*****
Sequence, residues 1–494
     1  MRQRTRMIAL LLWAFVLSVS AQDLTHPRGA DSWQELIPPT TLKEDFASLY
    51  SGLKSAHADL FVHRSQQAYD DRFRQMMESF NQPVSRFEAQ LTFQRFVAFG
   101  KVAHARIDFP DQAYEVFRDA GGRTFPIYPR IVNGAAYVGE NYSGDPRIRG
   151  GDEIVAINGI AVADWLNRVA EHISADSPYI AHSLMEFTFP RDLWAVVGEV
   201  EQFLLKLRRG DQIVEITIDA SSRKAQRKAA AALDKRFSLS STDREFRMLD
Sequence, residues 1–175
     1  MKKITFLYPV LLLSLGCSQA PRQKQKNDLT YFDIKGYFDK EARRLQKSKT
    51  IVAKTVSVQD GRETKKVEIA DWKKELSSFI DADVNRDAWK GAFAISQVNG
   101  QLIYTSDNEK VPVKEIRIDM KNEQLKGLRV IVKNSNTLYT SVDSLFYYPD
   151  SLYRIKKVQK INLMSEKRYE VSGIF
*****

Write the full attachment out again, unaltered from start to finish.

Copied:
Sequence, residues 1–494
     1  MRQRTRMIAL LLWAFVLSVS AQDLTHPRGA DSWQELIPPT TLKEDFASLY
    51  SGLKSAHADL FVHRSQQAYD DRFRQMMESF NQPVSRFEAQ LTFQRFVAFG
   101  KVAHARIDFP DQAYEVFRDA GGRTFPIYPR IVNGAAYVGE NYSGDPRIRG
   151  GDEIVAINGI AVADWLNRVA EHISADSPYI AHSLMEFTFP RDLWAVVGEV
   201  EQFLLKLRRG DQIVEITIDA SSRKAQRKAA AALDKRFSLS STDREFRMLD
Sequence, residues 1–175
     1  MKKITFLYPV LLLSLGCSQA PRQKQKNDLT YFDIKGYFDK EARRLQKSKT
    51  IVAKTVSVQD GRETKKVEIA DWKKELSSFI DADVNRDAWK GAFAISQVNG
   101  QLIYTSDNEK VPVKEIRIDM KNEQLKGLRV IVKNSNTLYT SVDSLFYYPD
   151  SLYRIKKVQK INLMSEKRYE VSGIF